LSR: Why Disturber of Hobbits? I care about hobbits, ordinary people, common Jesus followers like me just trying to survive from the ground to glory. Hobbits are all of us who like to be comfy and cozy, eat our meals on time, and who resist unsettling adventures. The problem is that settling in interferes with traveling on the narrow road to the heart of Jesus Christ, our true home. I write posts about faith designed to disturb the hobbit in all of us and inspire us to forget second breakfast long enough to join the adventure. I write to incite the faltering believer to join the ancient adventure.

The adventure is upon us. We are those who refuse to skim across the surface of faith. I write for all of us who have been unsettled from comfortable places and moved to follow Jesus into the adventure of our times. We may be common souls from small places and simple lives, “But, we are not of those who shrink back and are destroyed, but of those who have faith and preserve their souls.” Hebrews 10:39 ESV

DAT: When and why did you begin writing creatively?

LSR: I’ve always written, as long as I can remember. When I was in first grade, back in the sixties, I could read on an 11th grade level. I sped through my classroom work and my teacher would send me to the library to “read a book and write about it.” That went on through my elementary years until by high school, I was writing book reports about books that didn’t exist. My first published work were two poems in American Girl Magazine when I was fourteen.

DAT: Your first book, Running From a Crazy Man, was published in late 2014. Tell me something about it.

LSR: Running from a Crazy Man (and Other Adventures Traveling with Jesus) is a siren call to the modern believer that the God-adventure can happen even when, like King David, you’re running from a crazy man. Some Christians leave their relationship with God in a sealed box like a collectible that will be worth something “someday.” I write for believers who exercise their faith and break open the box, those who wholeheartedly answered the call to follow Jesus. But then, something happened and now they’re gasping beside the narrow road. They thought they were on the God adventure but suddenly it feels as if all they’re doing is running from a crazy man. Still, they seek the strength to continue the journey.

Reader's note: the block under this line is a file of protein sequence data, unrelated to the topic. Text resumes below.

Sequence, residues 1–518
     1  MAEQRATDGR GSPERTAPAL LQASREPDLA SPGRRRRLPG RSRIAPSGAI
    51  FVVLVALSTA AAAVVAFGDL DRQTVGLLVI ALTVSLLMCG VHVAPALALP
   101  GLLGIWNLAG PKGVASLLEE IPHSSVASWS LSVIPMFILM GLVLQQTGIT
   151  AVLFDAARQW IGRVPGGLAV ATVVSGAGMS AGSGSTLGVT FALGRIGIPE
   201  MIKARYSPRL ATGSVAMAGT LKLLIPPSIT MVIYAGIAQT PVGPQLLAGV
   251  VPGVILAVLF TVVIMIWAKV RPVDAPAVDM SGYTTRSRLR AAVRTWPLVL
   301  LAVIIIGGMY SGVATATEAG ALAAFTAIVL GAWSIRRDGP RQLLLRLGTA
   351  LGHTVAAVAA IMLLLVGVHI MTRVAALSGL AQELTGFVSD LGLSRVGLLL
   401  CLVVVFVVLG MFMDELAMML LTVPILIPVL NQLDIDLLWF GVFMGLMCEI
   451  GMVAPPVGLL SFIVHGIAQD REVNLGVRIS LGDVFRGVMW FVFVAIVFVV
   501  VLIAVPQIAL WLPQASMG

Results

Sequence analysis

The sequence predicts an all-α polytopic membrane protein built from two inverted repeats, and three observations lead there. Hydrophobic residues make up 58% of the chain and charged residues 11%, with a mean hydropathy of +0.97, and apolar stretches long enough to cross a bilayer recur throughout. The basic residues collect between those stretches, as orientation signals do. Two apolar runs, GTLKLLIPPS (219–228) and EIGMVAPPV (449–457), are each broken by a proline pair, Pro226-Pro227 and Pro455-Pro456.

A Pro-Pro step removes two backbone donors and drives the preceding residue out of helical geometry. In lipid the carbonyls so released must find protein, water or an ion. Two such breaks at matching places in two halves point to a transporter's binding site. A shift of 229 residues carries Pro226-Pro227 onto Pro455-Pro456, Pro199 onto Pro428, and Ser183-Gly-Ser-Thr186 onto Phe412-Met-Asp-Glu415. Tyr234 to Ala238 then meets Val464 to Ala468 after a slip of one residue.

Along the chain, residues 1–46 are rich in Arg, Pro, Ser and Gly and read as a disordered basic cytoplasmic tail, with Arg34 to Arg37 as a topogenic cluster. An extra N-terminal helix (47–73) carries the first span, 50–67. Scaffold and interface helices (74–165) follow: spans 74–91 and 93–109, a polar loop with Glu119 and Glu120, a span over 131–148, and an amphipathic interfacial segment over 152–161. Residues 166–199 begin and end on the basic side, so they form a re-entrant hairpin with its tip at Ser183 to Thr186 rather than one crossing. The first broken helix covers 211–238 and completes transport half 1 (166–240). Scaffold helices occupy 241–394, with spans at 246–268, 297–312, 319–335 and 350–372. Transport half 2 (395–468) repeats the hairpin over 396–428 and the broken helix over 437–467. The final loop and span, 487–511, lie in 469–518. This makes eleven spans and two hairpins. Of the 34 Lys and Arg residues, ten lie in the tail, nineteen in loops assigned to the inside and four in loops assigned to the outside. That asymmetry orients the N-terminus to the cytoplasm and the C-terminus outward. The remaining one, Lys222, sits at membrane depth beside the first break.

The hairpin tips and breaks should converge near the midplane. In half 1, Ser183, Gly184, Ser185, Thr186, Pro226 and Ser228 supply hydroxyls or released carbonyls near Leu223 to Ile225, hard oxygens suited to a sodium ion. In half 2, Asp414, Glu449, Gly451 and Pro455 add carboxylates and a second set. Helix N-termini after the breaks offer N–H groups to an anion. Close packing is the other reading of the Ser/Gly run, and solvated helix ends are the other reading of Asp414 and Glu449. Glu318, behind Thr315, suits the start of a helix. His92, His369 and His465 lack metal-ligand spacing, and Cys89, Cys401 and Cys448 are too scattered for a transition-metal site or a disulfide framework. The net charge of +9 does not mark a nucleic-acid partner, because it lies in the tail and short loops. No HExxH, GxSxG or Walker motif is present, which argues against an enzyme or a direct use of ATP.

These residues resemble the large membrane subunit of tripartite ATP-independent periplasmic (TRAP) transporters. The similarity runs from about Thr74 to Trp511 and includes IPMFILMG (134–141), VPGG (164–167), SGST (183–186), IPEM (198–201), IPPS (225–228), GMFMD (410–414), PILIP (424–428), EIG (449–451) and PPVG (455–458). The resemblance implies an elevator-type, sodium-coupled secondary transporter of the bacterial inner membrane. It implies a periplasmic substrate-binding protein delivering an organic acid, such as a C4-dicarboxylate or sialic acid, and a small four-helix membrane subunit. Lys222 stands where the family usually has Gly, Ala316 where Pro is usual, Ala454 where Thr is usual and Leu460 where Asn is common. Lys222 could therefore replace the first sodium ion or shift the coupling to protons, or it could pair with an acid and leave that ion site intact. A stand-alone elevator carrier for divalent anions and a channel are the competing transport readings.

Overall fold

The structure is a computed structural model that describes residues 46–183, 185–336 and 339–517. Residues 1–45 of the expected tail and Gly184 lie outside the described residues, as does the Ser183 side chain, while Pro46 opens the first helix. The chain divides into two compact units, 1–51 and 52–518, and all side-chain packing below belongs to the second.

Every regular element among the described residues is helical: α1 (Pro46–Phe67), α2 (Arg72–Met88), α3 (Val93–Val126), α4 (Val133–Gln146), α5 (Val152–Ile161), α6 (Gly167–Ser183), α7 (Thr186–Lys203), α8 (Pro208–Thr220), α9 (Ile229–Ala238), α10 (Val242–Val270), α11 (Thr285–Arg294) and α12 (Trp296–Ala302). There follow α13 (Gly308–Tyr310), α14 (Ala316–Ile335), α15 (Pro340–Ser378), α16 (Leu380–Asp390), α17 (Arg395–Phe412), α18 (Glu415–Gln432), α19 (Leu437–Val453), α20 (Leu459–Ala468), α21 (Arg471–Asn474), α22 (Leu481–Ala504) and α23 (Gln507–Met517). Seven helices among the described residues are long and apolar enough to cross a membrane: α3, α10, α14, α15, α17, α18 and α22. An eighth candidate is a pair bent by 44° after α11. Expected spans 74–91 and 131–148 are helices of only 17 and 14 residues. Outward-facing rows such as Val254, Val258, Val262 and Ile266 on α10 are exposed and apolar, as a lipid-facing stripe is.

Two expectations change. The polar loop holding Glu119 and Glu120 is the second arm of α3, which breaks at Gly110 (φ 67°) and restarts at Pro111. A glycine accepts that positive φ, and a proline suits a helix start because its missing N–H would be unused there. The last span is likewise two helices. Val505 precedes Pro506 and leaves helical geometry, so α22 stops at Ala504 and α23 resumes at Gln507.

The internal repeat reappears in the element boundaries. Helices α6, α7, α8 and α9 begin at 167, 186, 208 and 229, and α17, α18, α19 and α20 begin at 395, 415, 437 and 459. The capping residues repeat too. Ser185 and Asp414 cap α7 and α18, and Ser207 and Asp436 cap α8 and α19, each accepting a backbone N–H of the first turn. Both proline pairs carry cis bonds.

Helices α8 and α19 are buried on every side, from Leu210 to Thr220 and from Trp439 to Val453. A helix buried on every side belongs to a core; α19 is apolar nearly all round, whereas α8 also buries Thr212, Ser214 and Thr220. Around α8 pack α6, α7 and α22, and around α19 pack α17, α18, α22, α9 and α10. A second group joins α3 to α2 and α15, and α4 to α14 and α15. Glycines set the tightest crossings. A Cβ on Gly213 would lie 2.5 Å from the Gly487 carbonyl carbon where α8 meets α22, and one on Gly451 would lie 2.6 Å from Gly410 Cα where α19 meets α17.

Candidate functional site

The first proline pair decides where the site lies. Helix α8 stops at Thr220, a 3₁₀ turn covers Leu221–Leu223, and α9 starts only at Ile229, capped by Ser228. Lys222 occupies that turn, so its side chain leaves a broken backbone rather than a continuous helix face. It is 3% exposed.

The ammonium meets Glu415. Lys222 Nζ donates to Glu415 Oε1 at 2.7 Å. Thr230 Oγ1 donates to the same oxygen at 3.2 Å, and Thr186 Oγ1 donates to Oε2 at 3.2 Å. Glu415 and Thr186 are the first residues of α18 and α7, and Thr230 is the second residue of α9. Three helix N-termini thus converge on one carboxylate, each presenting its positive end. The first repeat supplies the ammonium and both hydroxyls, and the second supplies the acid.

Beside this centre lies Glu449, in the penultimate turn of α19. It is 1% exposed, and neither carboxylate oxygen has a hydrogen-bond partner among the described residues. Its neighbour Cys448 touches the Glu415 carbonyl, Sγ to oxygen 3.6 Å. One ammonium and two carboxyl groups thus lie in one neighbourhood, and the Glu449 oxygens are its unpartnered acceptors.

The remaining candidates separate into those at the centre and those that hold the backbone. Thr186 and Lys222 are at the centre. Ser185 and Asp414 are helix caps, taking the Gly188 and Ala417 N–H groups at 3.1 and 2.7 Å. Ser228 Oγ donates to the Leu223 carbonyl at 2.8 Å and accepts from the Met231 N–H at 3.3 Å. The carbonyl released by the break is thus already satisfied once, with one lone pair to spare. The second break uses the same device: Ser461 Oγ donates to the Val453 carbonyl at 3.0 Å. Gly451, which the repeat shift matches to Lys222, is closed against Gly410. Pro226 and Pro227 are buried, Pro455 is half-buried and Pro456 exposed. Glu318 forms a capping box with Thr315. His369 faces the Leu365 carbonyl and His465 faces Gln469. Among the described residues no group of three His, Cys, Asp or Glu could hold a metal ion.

Crazy Man is a series of short, non-fiction chapters adapted from my most popular blog posts. It isn’t reading for the happily comfortable. These are words for the restless Jesus lover, the long-suffering disciple, the openhearted believer. Be forewarned. The challenges inside are designed to unsettle as well as to incite readers to relish the narrow road even when trouble is their travel companion.

DAT: What is the main takeaway you hope readers will have from RFCM?

LSR: I want readers to walk away convinced they can continue walking with Jesus even though they’ve encountered trouble, trial, or tribulation, and they can live the adventure they dreamed, even in the midst of trying circumstances.

DAT: How has the reception been for it?

LSR: Running from a Crazy Man has received all five and four star reviews on Amazon and I’ve heard from many readers who are in their second or third reading. Some use it as an unconventional devotional. Many are sharing it with their small groups or book clubs.

DAT: I see that your next book was Red Pen Redemption, which was published in late 2015. What’s that about?

LSR: Red Pen Redemption is a novella that takes place entirely one Christmas Eve, much like A Christmas Carol. What would you do if God took you up on a dare? Helen Bancroft’s led a good life and feels no need for her daughter’s Savior. When God accepts Helen’s dare to edit her autobiography and prove her righteousness, she’s in for a lesson in her own history. One woman’s journey from unbelief to acceptance turns into the Christmas Eve adventure of a lifetime beneath the red pen of Christ’s mercy and grace.